skip navigation

PUBLICATIONS

Register for Latest Research

Stay Informed
Register with NCJRS to receive NCJRS's biweekly e-newsletter JUSTINFO and additional periodic emails from NCJRS and the NCJRS federal sponsors that highlight the latest research published or sponsored by the Office of Justice Programs.

NCJRS Abstract

The document referenced below is part of the NCJRS Virtual Library collection. To conduct further searches of the collection, visit the Virtual Library. See the Obtain Documents page for direction on how to access resources online, via mail, through interlibrary loans, or in a local library.

 

NCJ Number: 161769 Find in a Library
Title: Delinquency and Crime: Current Theories
Editor(s): J D Hawkins
Date Published: 1996
Page Count: 347
Sponsoring Agency: Cambridge University Press
New York, NY 10011-4211
Publication Number: ISBN 0-521-47322-5
Sale Source: Cambridge University Press
Journal Division
40 West 20th Street
New York, NY 10011-4211
United States of America
Type: Research (Applied/Empirical)
Language: English
Country: United States of America
Annotation: These essays explore the practical implications of the authors' theoretical work for crime prevention and control.
Abstract: This book contains essays by nine leading criminologists that seek to answer major questions about crime, e.g.: (1) Why does crime persist over generations, within families, and within certain individuals? (2) Is crime the manifestation of an inherited latent trait or the result of a failure of socialization and norm-setting processes? and (3) Why do young people commit crimes? The authors seek to answer these and other questions by describing current theories of crime and the research evidence that supports them. The authors' views on crime causation go beyond traditional criminological theories of strain, cultural deviance, social control, differential association, and social learning to present emerging and integrated models of the origins of crime, including antisocial peer socialization, social development, interactional theory, behavior genetics, and community determinants. These essays seek to link factors at different levels in internally consistent theories of crime. Figures, indexes, references, tables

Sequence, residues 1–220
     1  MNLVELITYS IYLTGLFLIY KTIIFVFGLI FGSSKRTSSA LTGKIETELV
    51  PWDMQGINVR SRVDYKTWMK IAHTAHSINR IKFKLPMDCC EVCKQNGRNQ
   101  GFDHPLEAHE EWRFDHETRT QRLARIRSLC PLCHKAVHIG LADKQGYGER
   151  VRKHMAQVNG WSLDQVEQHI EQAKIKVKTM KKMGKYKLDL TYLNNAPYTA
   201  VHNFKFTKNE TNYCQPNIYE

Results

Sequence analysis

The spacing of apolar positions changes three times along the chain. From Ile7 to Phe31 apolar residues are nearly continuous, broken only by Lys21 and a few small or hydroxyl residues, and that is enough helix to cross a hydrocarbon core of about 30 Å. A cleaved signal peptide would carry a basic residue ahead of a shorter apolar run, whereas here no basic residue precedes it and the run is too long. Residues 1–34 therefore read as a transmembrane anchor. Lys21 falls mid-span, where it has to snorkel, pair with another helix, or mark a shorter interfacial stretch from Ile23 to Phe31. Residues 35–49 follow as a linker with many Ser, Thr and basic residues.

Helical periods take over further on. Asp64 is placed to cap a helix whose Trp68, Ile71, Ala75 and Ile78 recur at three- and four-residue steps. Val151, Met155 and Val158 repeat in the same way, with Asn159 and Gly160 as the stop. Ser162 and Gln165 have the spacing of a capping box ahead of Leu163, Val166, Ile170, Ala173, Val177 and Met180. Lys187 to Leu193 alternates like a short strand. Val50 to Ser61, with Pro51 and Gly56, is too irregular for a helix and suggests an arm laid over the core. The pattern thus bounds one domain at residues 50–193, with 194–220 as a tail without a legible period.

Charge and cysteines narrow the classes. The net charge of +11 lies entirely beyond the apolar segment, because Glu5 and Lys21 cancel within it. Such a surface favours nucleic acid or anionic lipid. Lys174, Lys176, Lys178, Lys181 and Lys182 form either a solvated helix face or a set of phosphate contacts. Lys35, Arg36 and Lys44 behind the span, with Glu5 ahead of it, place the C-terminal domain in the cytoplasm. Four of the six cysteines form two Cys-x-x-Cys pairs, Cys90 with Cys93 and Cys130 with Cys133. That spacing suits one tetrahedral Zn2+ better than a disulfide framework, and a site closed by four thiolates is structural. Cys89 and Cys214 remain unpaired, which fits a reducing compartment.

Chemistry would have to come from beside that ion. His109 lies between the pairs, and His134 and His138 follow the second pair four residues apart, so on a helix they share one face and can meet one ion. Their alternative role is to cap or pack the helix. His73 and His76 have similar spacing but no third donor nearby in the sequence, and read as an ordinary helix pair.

Main Term(s): Criminology
Index Term(s): Behavioral science research; Crime causes theory; Crime prevention measures; Cultural influences; Deviance; Integrated theories of crime; Juvenile delinquency factors; Juveniles; Problem behavior; Psychological theories; Strain theory; Theory
Note: *This document is currently unavailable from NCJRS. Cambridge Criminology Series
To cite this abstract, use the following link:
http://www.ncjrs.gov/App/publications/abstract.aspx?ID=161769

*A link to the full-text document is provided whenever possible. For documents not available online, a link to the publisher's website is provided. Tell us how you use the NCJRS Library and Abstracts Database - send us your feedback.